My middle finger on my right hand is lifeless. The finger inside the glove is more like a piece of wood than part of my body. We are on 4,200 m, just below the shoulder on the 4,478 m high Matterhorn in Switzerland. I can’t hear Thomas over the howling wind and he can’t hear me complain about my finger or how tired I am, or that I am cold. He just pushes on. “Jawohl”. I think of you sitting snug below in the village, maybe looking up through the window towards the pyramid shaped peak towering above the valley. Are you thinking of me like I am of you? Are the boys chasing each other around the flat or are you walking down towards the center of town, over the glacial torrent tearing its way down from the snow capped peaks above.
My thoughts drift and I think of the summit. Or I try not to think of the summit. Small steps. Just breathe. Crampons scratch over rock, then bite into ice, step into snow patches and balance on rock edges, keeping me safe from a fall of over 1,000 m to the glacier below. We are nearing the location of an event that shook mountaineering to its core and has been etched into climbing history. Seven climbers set out from the same village below the peaks more than 150 years ago. Their aim to be the first to climb the most beautiful mountain on the planet. Seven left Zermatt mid July 1865. Only three returned. They summited on 14 July 1865, but on the descent the weakest member fell and pulled all down. In a flash the rope broke, sending the lower four climbers to their death.
The thin strand of rope is on display in a corner of the small Museum in Zermatt. Its ends are frail and worn out. The climbers all conceded that it was a tragic accident. Various fragments of the story surface later, but the mountain kept its secret to this day, with the other end of the rope tied to a climber never found, lost in the sea of ice below.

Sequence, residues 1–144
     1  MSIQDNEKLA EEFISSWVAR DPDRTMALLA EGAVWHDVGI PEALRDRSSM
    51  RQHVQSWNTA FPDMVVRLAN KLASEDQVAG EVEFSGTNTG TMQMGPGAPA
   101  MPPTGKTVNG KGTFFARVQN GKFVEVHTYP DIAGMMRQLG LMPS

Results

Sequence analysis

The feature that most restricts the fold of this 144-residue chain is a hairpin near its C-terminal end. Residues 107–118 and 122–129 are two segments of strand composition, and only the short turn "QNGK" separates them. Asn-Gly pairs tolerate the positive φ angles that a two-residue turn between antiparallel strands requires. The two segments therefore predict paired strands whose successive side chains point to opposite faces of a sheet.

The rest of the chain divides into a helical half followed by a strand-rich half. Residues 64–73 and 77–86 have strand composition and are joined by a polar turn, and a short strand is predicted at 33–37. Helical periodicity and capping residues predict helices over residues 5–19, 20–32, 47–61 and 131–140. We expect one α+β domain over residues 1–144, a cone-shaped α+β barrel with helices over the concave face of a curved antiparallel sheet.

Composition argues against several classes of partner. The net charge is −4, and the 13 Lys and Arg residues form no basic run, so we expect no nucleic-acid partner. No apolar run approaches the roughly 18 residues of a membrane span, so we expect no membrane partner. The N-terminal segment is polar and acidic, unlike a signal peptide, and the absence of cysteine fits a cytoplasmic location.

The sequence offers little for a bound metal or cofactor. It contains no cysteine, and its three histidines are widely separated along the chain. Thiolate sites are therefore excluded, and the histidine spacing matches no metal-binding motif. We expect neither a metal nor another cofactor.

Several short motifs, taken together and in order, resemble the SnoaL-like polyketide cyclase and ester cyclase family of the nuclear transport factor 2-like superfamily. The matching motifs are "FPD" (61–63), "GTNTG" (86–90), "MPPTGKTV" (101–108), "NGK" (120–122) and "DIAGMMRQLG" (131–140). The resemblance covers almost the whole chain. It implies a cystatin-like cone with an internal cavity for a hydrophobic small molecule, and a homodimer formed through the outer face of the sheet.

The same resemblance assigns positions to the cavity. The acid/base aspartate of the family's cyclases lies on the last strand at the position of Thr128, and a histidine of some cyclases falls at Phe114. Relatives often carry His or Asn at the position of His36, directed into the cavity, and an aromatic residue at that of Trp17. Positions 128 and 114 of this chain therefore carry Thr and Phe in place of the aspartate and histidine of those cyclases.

I snap back to reality with Thomas urging me on. We have passed the Solvay refuge about an hour ago. The hut with one of the most beautiful views in the Alps. Built 100 years ago to harbour climbers in distress and protect them from the storms that sweep the mountain continuously. It serves as a beacon for many, more than half way up the peak. To me it marks my high point two years ago. When I tried to summit on a beautiful summers day. But it was not to be. However hard I tried, I could not gather the strength to go past that hut knowing that I still had to come down the same way. And within a moment of clarity I then decided to turn around. It was a decision that would plague me for many months (if not years) afterwards. But a decision I stand by to this day.
I climbed other peaks since that first attempt on the Matterhorn and had many beautiful adventures, but this mountain always lingered in my thoughts. Obviously I had to go back. “Jawhol” Thomas’s Swiss German brings me back to reality and echoes around the steep snow slope. My breathing is hard and the cold envelopes my every thought. But then in a moment of emotion, St Bernard appears out of the white. The patron saint of alpinism, gazes out over the snow capped peaks and valleys below near the summit of the Matterhorn. I swallow my tears and know we are close, just a few more steps and we should be on the ridge and the summit. I look over to Thomas who has stopped in front of me. There is no more mountain to climb. We are on the summit ridge. Utter elation and emotion is subdued. I remind myself that we are merely halfway, we still have to go down. Nevertheless I try to take it all in best I can. I recall the cold on my face, the magnificent peaks around me and the thin knife edge summit ridge. Suppressed elation. Soon after we start our descent down the steep snow slopes and the summit disappears out of sight.
Down-climbing the peak is as tricky as going up, although we abseil sections, climbing down is harder than it sounds. But we urge onwards towards the speck of the Hornli Hut at 3,100 m, which marks the end of the climb.
At long last we descend the last section of the route and suddenly we are off the peak. With concentration levels at zero since early in the morning, emotions overwhelm me and I kneel down at the base of the mountain. As the tears roll down my face I look back up towards the peak that so many have climbed before me and more than 500 have died trying. My thoughts go out to the previously stricken climbers, their families and of my own waiting patiently down in the valley below.
To this day both our boys immediately recognize the “Matterhom” from photos or drawings. They will remember it as the Mountain towering above the village where the long-haired goats roam freely, where the cars are noiseless (only electric allowed) and the stairs leading to our Airbnb flat are many and steep. But most importantly they will remember the Mountain as it’s impossible to forget.